Dog Sleep — Where Love and Science Meet
There are pros and cons of sleeping with your dog — for both of you.
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Watching dogs sleep — limbs akimbo, eyebrows twitching, paws paddling in a dreamland chase — is one of the joys of living with them. Another is the coziness of sharing your bed with them. Many people share a bed with their dogs, whether for emotional comfort, warmth (the expression “three-dog night” has real meaning!), or because the bed is their go-to spot. Yet, while it makes people happy, you might wonder if it’s something you should actually be doing.
One concern relates to old-school ideas about dominance. For many years, people were told that allowing your dogs on the bed with you would interfere with your attempts to dominate them, which was supposedly essential to having a well-trained dog. The entire concept of dominance related to our dogs has been out of favor for many years in the canine world, and rightfully so.
Reputable trainers and behaviorists spend a lot of time in the course of their work explaining to people why this paradigm of dominance is destructive to the relationship, not helpful. And while shame about sleeping with dogs is far less common than it was a decade or two ago, a lot of people still fear being judged on the nighttime canine company they keep. That’s too bad, because many of the effects of sleeping with your dog are so incredibly positive.
Should you let your dog sleep with you?
Sharing a bed with your dog is a choice, and in so many cases, it’s a darn good choice! There are so many benefits to spending the night together, whether you are next to each other under the cover, or the dog is by your feet. If the benefits are too irresistible to, well, resist, and any downsides are worth tolerating, then the answer to “Should you let your dog sleep with you?” is a solid “Yes!”
Benefits to sharing the bed with dogs:
Most dogs like to sleep with us, whether that means sleeping right next to us, sleeping close to us or even sleeping on top of us. Proximity can also alert us to any problems our dogs may have, such as itchy skin, bad dreams, or general restlessness. The number of people who want to know why dogs like to sleep next to us or why dogs want to sleep on us is far higher than anyone who doesn’t work with dog behavior daily would ever guess. It seems to make them feel connected, which is a big benefit to them. A quick way to sum up the effects of sleeping with your dog is that it’s good for your body and good for your soul.
1. Feeling safer.
The extra security of being close to their people reduces the stress some dogs experience in response to noise, whether it’s simple car sounds or intense thunderstorms. Similarly, many people feel more secure with their dog next to them.
2. Feeling warmer.
In a cold world, it really is nice to have a dog sleeping in the bed. Their body heat makes sleeping cozier and easier when it’s cold out. And hey, the money saved on heating bills can go right toward dog toys and special treats, which makes it a win-win all around.
3. Bonding with your dog
Physical contact makes us feel emotionally closer to our dogs. The oxytocin produced by touching and when we gaze into each other’s eyes produces the same kind of close bond mothers share with their babies. That’s a powerful connection, and building it with your dog is a very special, biological miracle.
4. Improved health and wellbeing.
Petting your dog, as you are sure to do when on the bed together, lowers blood pressure and enhances overall health and well-being. The calm state induces relaxation and may allow you to get more rest each night. Better rest, a calmer state, and lower blood pressure are all good for your health, so having your dog sleeping in the bed is just responsible self-care.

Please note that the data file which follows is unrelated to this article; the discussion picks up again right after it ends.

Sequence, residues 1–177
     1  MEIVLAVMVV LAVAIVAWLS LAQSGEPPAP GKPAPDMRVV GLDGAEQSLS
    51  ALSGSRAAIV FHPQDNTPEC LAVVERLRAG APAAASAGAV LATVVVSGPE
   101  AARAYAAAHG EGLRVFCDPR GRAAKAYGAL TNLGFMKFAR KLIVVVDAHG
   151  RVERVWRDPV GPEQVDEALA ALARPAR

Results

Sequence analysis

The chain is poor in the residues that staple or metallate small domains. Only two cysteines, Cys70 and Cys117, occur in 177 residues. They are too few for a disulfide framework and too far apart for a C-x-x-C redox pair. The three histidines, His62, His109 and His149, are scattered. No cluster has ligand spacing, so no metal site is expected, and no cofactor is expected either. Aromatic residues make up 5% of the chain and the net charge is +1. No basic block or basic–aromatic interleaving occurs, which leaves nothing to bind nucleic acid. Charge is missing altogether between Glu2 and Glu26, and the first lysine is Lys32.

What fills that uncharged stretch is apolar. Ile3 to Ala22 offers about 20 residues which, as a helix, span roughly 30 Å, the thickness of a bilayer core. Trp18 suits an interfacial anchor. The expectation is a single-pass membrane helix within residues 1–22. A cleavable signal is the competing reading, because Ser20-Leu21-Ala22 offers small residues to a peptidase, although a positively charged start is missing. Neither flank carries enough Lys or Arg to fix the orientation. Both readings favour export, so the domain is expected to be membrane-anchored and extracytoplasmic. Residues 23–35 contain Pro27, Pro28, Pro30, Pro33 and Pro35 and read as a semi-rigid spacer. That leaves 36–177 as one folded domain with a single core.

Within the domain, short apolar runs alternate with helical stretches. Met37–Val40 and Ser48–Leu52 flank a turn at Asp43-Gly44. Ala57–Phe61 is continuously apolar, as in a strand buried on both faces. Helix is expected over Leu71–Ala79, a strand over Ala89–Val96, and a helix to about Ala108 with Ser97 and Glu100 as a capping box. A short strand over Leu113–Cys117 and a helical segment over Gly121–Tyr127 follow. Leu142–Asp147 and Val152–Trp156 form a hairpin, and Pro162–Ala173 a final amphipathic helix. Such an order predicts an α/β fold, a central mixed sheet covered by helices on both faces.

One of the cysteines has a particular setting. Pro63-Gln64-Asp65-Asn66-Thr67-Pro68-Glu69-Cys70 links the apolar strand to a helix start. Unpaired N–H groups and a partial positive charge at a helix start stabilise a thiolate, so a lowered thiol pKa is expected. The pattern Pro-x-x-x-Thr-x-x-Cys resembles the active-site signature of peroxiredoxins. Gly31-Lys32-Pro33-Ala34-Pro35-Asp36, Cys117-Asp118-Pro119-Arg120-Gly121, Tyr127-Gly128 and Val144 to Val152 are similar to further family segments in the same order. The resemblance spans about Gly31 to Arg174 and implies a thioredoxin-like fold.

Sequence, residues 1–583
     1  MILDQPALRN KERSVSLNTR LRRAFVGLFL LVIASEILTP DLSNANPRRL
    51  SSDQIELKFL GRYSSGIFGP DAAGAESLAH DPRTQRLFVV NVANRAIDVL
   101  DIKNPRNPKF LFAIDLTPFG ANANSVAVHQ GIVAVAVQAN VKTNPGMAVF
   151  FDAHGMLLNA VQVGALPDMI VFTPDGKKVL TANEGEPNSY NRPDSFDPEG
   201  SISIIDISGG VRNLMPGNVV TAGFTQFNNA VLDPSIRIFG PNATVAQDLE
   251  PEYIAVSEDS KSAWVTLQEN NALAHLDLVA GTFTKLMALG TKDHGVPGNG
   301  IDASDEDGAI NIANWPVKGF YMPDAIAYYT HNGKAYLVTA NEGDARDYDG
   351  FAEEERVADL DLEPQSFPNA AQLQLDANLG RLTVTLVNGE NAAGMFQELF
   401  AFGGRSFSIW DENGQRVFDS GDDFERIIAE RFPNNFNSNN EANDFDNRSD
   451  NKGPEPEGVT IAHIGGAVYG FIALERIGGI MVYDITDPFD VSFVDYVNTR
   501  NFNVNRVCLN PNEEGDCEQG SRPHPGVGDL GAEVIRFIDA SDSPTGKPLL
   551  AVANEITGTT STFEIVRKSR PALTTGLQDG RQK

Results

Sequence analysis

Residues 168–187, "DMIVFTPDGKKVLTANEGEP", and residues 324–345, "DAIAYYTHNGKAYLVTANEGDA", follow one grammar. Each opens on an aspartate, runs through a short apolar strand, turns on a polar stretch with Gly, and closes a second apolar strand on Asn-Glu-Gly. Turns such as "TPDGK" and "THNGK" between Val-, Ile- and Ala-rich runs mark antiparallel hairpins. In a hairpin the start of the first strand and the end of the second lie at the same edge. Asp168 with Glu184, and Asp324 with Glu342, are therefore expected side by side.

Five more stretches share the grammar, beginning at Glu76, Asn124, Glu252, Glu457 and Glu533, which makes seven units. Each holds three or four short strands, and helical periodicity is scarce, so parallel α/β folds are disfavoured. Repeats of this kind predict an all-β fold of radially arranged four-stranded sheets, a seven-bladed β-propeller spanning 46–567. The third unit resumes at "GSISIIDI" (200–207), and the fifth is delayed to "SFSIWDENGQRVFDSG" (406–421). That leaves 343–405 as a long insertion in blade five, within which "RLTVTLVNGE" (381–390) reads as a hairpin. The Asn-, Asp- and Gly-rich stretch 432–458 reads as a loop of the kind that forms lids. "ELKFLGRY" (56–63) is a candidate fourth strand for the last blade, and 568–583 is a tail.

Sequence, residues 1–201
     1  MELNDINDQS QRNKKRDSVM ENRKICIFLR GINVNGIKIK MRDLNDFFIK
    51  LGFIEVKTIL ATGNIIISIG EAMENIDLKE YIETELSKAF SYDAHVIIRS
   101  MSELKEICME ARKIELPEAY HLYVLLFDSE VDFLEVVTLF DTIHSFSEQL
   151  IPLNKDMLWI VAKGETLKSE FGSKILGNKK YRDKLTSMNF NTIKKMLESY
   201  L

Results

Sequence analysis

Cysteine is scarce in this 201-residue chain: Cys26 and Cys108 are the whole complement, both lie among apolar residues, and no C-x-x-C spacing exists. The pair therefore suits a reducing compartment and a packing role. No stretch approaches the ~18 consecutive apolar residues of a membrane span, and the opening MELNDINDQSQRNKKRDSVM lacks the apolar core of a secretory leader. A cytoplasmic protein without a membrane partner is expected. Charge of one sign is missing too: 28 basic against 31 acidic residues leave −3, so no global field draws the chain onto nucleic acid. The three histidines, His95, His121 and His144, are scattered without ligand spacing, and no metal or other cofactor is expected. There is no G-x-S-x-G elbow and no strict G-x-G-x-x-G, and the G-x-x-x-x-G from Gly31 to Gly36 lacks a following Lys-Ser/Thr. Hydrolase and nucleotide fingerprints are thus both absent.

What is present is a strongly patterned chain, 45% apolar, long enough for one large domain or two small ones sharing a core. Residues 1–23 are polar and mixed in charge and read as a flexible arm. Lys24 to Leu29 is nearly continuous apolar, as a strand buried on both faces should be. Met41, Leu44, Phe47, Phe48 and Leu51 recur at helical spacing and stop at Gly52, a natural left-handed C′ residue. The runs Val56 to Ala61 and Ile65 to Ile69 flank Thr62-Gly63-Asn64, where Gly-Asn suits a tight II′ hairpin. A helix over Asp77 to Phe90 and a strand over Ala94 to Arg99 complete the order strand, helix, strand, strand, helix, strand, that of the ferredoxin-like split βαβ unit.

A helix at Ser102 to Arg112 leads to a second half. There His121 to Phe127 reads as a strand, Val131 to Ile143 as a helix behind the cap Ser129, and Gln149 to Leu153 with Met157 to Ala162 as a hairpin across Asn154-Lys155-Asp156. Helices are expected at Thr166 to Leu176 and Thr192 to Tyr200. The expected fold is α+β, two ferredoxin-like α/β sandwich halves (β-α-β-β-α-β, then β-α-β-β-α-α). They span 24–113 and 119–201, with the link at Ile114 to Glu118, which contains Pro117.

Problems when dogs share the bed:
1. Fighting within couples.
People may have very different views on the subject; couples have been known to fight like, well, cats and dogs about it. If you and your partner don’t agree on welcoming a dog to your shared bed, the conflict could harm your relationship. That tension may also affect the relationship between the person who wants a dog-free bed and the dog who senses they are not welcome. Having a dog as a bed buddy can be marvelous if everyone is happy with the arrangement and everyone is sleeping well, but that’s not always the case. If the dog sleeping in your bed is ruining the relationship, that is a major drawback of the practice.
2. Changes in sleep quality.
A dog on the bed may have an impact on the quality of your sleep. A few studies have looked at how having a dog on the bed affects human sleep, with mixed results. A 2017 study investigated sleep efficiency (the percentage of time spent in bed actually sleeping) with a dog on the bed and with a dog in the room but not on the bed; the test group was made up of healthy, middle-aged women. The results? “On the bed” had a sleep-efficiency score of 80 percent, while “in the room” clocked in at 83 percent. That’s a small difference, and both figures are considered satisfactory by sleep experts.
In another study, more than 40 percent of people who sleep with their dogs reported that their dog did not disrupt their sleep; some said they even improved it. Warmth, contentment and relaxation were cited as sources of these positive co-sleeping evaluations. In the absence of a partner — either because they were single or their partner was away from home — many people said that having their dog on the bed with them gave them a wonderful sense of companionship. Only 20 percent of participants reported that their dogs disrupted their sleep.
3. Increased allergies or asthma
Many people with asthma or allergies report that they suffer more from these conditions if their dog is on the bed with them or even in the same room with them at night. To manage any medical conditions that are exacerbated by being in close proximity to your dog for extended periods, it’s a good idea to consult with your physician and follow their advice. In some cases, there may be steps you can take to minimize the negative effects on your health, whether that involves sleeping with your dog less often, having a little more distance between you and your dog, or direct medical intervention. Following the advice from your doctor is the best way to take care of your health.